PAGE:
What can the politics of discourse tell us about the discourse of politics?
How are flexibility and lifelong learning positioned within policy?
Flexibility and lifelong learning have become key aspects of education policy in nation states and bodies such as the European Union and Organisation of Economic Cooperation and Development in recent years. They are positioned as necessary for the knowledge economy and social inclusion. The failure to adapt through becoming more flexible and participating in lifelong learning is held up as a failure at individual, organisational and national levels.
But how has that narrative come to be constructed? In what ways is it persuasive? And what forms of political action are possible and necessary? These are the questions addressed in this text. Drawing upon the work of Michel Foucault and on the notion of rhetoric, this book explores examples of the work of policy texts in the discourses of education, lifelong learning and flexibility that they construct. In so doing, it argues for the need to take policy discourse seriously and not simply dismiss it as ‘spin’.
Through a detailed examination of policy texts from primarily Australia, the UK and European Union, this text provides insights into the strategies through which flexibility and lifelong learning become realized and realizable as part of the common sense of educational discourse. Rather than simply rejecting these ideas, or suggesting they are merely the window dressing for the more malign interests of the knowledge economy or globalization, it suggests a politics of the wedge and possibilities for the insertion of different meanings. Central to the claims of this text are that we need to engage closely with the discursive and rhetorical strategies of policy, in order that we understand both how it is constructed and thus how it can be deconstructed.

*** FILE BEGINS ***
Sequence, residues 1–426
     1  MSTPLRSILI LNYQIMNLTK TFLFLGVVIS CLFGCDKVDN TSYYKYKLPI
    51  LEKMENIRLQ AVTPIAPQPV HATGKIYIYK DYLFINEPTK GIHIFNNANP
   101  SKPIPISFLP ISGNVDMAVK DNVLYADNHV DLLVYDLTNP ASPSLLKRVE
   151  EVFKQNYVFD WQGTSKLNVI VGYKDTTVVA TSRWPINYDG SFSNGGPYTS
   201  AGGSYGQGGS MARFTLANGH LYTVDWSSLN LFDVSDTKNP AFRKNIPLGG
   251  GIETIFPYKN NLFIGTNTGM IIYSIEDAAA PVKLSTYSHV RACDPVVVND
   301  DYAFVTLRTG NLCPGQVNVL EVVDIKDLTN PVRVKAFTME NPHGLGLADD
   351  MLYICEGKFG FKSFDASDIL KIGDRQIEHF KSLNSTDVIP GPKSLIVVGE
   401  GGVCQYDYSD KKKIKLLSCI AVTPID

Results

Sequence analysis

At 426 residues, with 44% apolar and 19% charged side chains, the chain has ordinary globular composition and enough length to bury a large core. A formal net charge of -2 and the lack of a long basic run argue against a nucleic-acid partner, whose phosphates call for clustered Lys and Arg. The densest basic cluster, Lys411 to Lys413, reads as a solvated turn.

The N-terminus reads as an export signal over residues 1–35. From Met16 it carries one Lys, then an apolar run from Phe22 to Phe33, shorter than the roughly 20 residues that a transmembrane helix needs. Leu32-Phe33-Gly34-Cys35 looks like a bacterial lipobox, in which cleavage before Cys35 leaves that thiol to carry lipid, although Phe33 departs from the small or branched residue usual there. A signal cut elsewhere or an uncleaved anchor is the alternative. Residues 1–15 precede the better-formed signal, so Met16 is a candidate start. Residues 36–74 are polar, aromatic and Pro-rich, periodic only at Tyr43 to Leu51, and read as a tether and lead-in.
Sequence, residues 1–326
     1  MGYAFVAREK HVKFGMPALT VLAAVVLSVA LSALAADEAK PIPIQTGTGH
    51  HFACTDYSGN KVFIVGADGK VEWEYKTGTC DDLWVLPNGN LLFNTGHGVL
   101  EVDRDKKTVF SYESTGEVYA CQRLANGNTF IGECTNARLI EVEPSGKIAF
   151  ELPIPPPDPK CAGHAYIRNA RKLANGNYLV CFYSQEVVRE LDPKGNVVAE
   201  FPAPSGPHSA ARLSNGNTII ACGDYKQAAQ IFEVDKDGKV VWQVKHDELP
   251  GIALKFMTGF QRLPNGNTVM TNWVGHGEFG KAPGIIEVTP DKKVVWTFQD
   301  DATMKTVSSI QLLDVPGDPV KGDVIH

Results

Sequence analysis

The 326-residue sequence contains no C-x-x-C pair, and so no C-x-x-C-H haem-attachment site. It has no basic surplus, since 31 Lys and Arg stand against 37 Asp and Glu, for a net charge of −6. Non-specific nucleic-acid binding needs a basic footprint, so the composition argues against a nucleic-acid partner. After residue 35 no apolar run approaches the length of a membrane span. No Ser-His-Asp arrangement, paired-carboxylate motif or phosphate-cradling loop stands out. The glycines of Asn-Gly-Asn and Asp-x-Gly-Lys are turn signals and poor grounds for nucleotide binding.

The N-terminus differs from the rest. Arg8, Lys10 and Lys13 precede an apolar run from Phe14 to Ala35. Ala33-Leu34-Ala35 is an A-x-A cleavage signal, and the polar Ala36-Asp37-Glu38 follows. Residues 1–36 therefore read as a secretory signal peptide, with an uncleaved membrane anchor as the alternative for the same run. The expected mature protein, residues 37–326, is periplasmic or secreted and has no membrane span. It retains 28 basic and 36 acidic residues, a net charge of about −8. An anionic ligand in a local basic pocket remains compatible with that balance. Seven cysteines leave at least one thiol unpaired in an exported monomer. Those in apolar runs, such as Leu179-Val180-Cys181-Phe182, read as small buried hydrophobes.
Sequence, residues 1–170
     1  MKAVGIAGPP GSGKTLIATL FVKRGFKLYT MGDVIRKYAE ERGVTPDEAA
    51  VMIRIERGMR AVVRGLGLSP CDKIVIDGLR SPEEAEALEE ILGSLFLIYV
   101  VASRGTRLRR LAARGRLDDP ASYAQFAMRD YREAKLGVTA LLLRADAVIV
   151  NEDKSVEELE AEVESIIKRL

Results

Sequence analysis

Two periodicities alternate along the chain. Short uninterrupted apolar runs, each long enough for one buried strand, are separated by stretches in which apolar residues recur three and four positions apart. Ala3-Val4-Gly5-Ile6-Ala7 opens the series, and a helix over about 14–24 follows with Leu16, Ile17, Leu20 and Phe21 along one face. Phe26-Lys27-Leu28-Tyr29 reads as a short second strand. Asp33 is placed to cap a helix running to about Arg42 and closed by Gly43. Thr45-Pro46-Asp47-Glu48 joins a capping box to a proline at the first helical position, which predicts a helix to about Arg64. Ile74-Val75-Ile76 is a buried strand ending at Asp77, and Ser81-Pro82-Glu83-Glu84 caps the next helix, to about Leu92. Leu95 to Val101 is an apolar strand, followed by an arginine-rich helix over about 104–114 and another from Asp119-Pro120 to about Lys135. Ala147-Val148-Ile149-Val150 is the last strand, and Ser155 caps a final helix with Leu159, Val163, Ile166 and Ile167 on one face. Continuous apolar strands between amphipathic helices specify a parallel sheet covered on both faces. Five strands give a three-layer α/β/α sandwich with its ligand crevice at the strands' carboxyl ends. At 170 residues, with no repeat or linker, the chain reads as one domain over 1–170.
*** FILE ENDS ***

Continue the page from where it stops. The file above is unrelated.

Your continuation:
Table of Contents
1. Departures and Beginnings 2. Meanings of Flexibility and Lifelong Learning 3. A Political, Discursive and Rhetorical Terrain 4. A Realization of Flexibility 5. Mobilizing Flexibility and Lifelong Learning 6. Realizing Lifelong Learning 7. An ‘Odious’ but Slender Wedge
Katherine Nicoll is Lecturer in Education at the Institute of Education, University of Stirling, UK.